Scottie Scheffler storms to Masters win after four-way fight becomes procession

<span>Jon Rahm puts the Green Jacket on Scottie Scheffler after the world No 1 won by four shots. </span><span>Photograph: Matt Slocum/AP</span>
Jon Rahm puts the Green Jacket on Scottie Scheffler after the world No 1 won by four shots. Photograph: Matt Slocum/AP

The Masters is supposed to get under way on the back nine on Sunday. Scottie Scheffler did not bother waiting that long. Such an approach is befitting a golfer now so dominant that comparisons with Tiger Woods in his pomp are perfectly appropriate.

Hopes were rising that Ludvig Åberg might become the first Masters debutant since Fuzzy Zoeller in 1979 to take delivery of the Green Jacket. Åberg’s achievement would actually have been even more historic; he had never played in a major championship before teeing up at Augusta National on Thursday.

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From 36ft at the 9th, Åberg produced a stunning moment. His downhill, swerving birdie putt found the bottom of the cup. Galleries whooped and hollered. Moments later, Åberg was laughing along with his caddie by the side of the green. Stark evidence of the innocence of youth. Pressure, what pressure? He was tied for the Masters lead after 63 holes. A year ago, Åberg was still in a Texas college.

Åberg’s problem at this point was the identity of the man in the group behind. It still seems incredible that Scheffler’s approach to the par four 9th didn’t go in, the path of the ball deviating by a matter of millimetres over its final couple of rolls. A birdie three was sufficient to regain the solo lead. It was an advantage Scheffler would never concede. Or to be frank, an advantage he never looked like conceding. Cheeseburgers and milkshakes are back on the champion’s dinner menu for 2025.

Scheffler was odds-on before round four for a reason. One gets the impression the 27-year-old could be tickled from head to toe with a feather duster and stand completely motionless. He has now won the Masters twice in his last three attempts, aside from becoming the first golfer to successfully defend the Players Championship. Since February 2022, Scheffler has lifted nine trophies and three in his last four starts. His wider results, a collection of top fives, point towards unparalleled consistency. As the golf world has descended into civil war and chaos, this quiet man has been the imperious one inside the ropes. He has collected equivalent to the GDP of a medium sized country in the process. From Augusta National, another $3.6m. Woods, in 2005, was the last pre-tournament favourite to prevail with azaleas as a backdrop until now.

Scheffler’s 68 was sufficient for a four-shot victory. In occasionally wild conditions, he reached 11 under par. Scheffler’s worst score in this Masters edition was 72. A 69 from Åberg earned second.

Amen Corner did bare its teeth. The most visually stunning stretch of holes in golf still carry such menace. Collin Morikawa was in touch and proceeded to double bogey the 11th. Max Homa whacked his tee shot at the 12th into a bush; two strokes was the level of his punishment, too. Åberg, like Morikawa, stumbled a hole earlier. The Swede found water with his second shot. Amazingly, Scheffler bogeyed the 11th but watched his lead stretch to three because of the carnage playing out elsewhere.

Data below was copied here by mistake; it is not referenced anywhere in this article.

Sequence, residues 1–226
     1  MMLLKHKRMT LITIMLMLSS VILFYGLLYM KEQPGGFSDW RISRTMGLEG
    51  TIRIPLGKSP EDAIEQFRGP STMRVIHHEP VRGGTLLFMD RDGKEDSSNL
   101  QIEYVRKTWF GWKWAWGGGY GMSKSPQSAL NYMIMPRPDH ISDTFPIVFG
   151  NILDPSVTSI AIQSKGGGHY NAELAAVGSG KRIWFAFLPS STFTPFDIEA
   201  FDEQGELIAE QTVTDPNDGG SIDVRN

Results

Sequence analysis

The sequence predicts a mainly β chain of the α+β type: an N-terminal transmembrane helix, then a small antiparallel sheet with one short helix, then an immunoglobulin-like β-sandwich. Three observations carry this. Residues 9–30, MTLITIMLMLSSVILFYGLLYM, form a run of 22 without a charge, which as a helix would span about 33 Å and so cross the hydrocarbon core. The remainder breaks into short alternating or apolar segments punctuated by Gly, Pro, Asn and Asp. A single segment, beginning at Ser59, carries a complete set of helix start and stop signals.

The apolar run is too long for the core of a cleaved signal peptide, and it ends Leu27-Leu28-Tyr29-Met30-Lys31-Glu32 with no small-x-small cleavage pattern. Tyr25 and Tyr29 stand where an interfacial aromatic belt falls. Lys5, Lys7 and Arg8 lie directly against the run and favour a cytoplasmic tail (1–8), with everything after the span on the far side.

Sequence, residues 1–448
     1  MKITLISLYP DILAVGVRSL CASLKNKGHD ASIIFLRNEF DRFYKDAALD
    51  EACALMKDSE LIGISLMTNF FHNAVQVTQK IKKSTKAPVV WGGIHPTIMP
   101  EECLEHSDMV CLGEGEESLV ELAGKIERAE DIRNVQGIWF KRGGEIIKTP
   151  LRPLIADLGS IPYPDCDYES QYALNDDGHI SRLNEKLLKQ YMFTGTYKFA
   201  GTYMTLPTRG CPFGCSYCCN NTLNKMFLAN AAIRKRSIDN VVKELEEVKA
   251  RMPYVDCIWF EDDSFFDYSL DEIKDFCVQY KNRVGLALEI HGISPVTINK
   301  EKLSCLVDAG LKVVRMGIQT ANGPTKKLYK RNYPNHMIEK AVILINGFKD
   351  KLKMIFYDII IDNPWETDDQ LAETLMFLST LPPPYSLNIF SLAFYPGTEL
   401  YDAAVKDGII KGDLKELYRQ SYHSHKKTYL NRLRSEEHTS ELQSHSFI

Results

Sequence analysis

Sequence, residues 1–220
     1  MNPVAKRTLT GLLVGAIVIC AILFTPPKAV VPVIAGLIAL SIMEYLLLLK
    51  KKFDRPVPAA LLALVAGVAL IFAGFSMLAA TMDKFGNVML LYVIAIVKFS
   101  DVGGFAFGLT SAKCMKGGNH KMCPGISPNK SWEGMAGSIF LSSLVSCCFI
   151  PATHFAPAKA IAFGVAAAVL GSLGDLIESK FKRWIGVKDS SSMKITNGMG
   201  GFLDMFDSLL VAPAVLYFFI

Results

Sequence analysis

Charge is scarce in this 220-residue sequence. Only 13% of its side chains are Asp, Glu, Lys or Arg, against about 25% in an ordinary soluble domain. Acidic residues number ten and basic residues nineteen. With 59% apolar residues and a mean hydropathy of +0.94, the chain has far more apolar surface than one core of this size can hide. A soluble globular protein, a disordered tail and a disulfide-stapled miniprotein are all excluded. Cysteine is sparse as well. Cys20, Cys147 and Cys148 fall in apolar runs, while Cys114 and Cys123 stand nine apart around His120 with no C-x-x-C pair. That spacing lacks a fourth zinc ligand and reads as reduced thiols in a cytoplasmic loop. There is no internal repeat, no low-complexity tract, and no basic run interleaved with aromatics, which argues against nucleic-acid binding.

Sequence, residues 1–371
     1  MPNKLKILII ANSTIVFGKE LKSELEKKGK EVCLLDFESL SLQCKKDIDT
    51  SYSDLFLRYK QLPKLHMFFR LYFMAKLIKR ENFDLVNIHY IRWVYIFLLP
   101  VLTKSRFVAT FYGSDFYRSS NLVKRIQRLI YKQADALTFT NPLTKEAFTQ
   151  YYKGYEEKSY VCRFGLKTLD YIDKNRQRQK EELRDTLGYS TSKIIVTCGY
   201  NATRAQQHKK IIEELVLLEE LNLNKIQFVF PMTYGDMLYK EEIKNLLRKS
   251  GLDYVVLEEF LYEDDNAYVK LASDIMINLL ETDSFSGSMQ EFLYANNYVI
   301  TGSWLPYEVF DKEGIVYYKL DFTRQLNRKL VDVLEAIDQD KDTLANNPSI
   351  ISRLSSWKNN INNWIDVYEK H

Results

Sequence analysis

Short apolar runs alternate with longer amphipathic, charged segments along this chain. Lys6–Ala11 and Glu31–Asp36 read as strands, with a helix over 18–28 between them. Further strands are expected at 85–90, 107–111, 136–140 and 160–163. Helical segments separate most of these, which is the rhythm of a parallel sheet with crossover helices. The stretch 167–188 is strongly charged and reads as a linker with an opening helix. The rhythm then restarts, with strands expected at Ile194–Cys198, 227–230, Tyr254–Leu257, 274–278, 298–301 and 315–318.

Åberg responded in a manner befitting his rising status. He collected a shot at the 13th to edge back to within two of the world No 1. Scheffler’s four on the same hole reinstated his margin for error. Back came Åberg, courtesy of a birdie on the tricky 14th. Scheffler was now relishing the battle; he fired an iron to within tap-in range to send himself three ahead with four to play. A loose Åberg drive at the 15th meant he could not take advantage of the par five. When Scheffler birdied the short 16th, Åberg was four adrift. Goodnight, Vienna.

Tommy Fleetwood’s bogey-free 69 catapulted him to a tie for third at four under. The Englishman’s position would have been even better, but for a long birdie attempt at the 16th that hit the flagstick and somehow stayed above ground. Still, this marks Fleetwood’s best Masters finish by some distance. Bryson DeChambeau and Cameron Smith closed at minus two.

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Rory McIlroy ended up in precisely the scenario he would rather avoid, assessing the strengths of others as this major hurtled towards conclusion. A 73 meant McIlroy shared 22nd. He was pragmatic, admitting technical issues are undermining his prospects. McIlroy will also be quietly aware this wait for a career grand slam goes on. McIlroy smiled when asked what is in Scheffler’s mind as he crushes all before him. “Nothing,” McIlroy explained. “Not a lot of clutter. The game feels pretty easy when you’re in stretches like this.

“That’s the hard thing whenever you’re not quite in form. You are searching and you are thinking about it so much but then when you are in form, you don’t think about it at all.” McIlroy will bounce back, of that there is no question. We are, however, living in the age of Scottie Scheffler. Woods will surely nod in approval.